One night a week, I teach "History of Advertising" at CCAD, the Columbus College of Art and Design. It's a lot of fun, I enjoy it immensely, and I've been teaching the class pretty much the same way for about five years, now. I don't think there's anything wrong with the class... but anything can be improved. So I'm looking for suggestions.
Currently, the students read, "Soap, Sex, and Cigarettes: A History of Advertising in America," which is a pretty good book. It does very well with the time period between the Civil War and around 1980. After that... it gets a bit fuzzy, and I have to rely on my own deviousness for things, especially the Web stuff. The book was written in the late 90's, and so the Internet, while in there, is, well... different than it is now.
They read the book, we do some in-class exercizes, they take a mid-term and final w/ questions from the text and then write an essay discussing a modern ad within the context of three or more concepts we've covered. That's the basics.
This last semester, I had a student who suggested that the class could be more interactive, and could have more to do with the world they'll face once they graduate. My initial reaction was... OK. I can think about that, but...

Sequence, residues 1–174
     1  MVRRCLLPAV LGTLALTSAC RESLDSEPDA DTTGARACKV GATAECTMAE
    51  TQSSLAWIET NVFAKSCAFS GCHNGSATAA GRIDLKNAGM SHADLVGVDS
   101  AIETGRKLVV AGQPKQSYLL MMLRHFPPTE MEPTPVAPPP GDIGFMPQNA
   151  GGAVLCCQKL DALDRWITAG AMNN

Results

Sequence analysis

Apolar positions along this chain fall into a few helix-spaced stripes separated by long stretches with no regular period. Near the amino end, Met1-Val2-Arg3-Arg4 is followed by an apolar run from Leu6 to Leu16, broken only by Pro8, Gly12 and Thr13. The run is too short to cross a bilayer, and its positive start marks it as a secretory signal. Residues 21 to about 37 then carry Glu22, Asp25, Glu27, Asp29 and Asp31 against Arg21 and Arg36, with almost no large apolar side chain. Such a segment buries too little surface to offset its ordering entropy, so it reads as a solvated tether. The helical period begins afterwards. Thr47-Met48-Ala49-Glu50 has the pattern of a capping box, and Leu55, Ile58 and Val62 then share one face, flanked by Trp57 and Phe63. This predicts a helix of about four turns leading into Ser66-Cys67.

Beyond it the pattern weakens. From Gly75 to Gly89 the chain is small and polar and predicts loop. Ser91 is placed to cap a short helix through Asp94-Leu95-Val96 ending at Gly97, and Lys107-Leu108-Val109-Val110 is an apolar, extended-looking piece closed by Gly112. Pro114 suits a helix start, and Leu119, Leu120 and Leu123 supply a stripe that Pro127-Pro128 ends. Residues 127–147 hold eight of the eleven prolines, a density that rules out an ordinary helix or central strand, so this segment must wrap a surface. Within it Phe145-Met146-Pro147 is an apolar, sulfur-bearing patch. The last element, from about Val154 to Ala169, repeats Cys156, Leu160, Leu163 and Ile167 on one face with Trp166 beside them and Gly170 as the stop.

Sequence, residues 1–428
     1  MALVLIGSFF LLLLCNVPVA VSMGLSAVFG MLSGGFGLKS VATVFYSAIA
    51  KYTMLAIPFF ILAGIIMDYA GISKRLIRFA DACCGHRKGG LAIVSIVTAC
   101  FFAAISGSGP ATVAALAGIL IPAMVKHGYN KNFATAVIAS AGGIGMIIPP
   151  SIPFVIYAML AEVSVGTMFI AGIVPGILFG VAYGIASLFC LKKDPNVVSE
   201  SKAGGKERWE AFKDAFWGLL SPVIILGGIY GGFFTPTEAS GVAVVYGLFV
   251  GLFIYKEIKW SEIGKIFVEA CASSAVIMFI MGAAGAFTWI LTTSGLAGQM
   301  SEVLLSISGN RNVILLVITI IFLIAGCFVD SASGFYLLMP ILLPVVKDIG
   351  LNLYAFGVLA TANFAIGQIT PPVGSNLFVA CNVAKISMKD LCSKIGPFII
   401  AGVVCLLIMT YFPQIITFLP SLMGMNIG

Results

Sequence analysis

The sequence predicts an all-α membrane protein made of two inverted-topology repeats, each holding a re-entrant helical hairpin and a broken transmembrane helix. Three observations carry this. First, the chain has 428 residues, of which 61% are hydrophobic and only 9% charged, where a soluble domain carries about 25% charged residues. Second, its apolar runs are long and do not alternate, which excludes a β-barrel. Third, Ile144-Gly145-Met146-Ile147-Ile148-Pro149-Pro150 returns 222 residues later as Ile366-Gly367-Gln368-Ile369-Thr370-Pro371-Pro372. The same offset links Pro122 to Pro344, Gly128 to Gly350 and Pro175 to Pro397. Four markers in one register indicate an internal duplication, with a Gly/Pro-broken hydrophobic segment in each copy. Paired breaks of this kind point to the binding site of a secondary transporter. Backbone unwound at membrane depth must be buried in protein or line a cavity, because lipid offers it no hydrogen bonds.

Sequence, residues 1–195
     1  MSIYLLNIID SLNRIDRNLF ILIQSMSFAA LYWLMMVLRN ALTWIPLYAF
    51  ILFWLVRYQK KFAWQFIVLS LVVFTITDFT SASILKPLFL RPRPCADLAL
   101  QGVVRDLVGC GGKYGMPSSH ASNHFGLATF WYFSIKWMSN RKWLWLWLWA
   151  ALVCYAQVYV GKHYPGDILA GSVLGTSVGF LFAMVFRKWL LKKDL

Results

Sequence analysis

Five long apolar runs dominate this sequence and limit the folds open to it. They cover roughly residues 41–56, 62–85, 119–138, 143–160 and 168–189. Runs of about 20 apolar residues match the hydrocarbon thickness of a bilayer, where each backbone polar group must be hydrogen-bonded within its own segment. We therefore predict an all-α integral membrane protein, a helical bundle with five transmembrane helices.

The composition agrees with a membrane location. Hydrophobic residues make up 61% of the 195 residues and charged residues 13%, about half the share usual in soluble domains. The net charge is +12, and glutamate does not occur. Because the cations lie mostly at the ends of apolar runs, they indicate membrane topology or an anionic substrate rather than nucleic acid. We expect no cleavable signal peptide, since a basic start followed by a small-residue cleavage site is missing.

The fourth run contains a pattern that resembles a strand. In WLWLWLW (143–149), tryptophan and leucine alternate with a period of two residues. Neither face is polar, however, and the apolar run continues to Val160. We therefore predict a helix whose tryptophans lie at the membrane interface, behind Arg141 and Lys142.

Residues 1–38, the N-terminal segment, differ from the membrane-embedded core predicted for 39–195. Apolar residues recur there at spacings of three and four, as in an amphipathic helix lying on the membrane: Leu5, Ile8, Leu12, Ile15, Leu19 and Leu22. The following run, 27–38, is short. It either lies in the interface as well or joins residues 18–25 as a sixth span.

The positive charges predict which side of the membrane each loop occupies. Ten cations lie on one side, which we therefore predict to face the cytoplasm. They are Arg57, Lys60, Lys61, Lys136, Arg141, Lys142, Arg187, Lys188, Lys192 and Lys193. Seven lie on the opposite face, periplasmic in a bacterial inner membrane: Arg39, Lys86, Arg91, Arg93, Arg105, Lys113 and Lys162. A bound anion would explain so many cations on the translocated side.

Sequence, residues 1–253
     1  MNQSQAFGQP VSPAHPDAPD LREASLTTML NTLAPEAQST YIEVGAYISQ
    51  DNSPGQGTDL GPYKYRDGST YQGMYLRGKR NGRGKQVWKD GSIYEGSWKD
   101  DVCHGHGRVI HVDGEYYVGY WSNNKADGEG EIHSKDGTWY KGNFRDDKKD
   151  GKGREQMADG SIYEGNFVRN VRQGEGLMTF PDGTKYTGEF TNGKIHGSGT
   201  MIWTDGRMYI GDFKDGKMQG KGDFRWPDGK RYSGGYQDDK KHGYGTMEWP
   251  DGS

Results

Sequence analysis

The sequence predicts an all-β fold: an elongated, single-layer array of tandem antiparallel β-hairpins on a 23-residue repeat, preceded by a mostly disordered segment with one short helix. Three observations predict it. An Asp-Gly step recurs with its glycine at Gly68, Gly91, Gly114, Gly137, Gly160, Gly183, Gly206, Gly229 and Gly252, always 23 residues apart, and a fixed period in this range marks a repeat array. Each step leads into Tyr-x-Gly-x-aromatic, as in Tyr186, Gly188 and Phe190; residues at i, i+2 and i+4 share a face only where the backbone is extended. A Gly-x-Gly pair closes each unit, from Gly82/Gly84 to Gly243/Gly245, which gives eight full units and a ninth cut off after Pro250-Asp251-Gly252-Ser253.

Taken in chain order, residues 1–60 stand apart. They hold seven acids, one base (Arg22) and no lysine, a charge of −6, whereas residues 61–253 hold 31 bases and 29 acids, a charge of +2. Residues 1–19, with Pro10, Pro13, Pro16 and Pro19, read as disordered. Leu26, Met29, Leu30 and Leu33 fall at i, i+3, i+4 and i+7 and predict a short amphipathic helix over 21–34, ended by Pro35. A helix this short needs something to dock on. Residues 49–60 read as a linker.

1. CCAD students are often quiet, introspective and hard to get engaged. Smart? Check. Talented? Check. Inclined to participate in class discussions and activities? Not so much. Now... a good teacher with enough enthusiasm and good material can, I believe, get any class to do just about anything. So while this isn't a hard-stop barrier... it is on my mind. We only have one night a week. The time it might take to get things "interactive" might take away from ths stuff we have to learn, which brings us to....
2. It's a history class. There are certainly concepts that we cover and discuss that are applicable to the lives/careers of modern designers. And we go into them, in some cases, in some good depth: the role of sex and sexuality in advertising; how hard-sell and soft-sell techniques differ and when they are each best used; issues of age, gender and ethnicity in advertising; the role of cultural change in what is considered "cool." All kinds of stuff. But the main gist of the class is to provide a window on the past... if it also reflect a bit of light from the future, OK. And I certainly bring (maybe too many) anecdotes of "life in the industry" to the class, too.
Neither of these are insurmountable, as I say. Just things that are on my mind.
With that background to guide you, O my gentle readers... any suggestions on ways to improve the interactivity and/or real-life-itude of the class? All ideas welcome.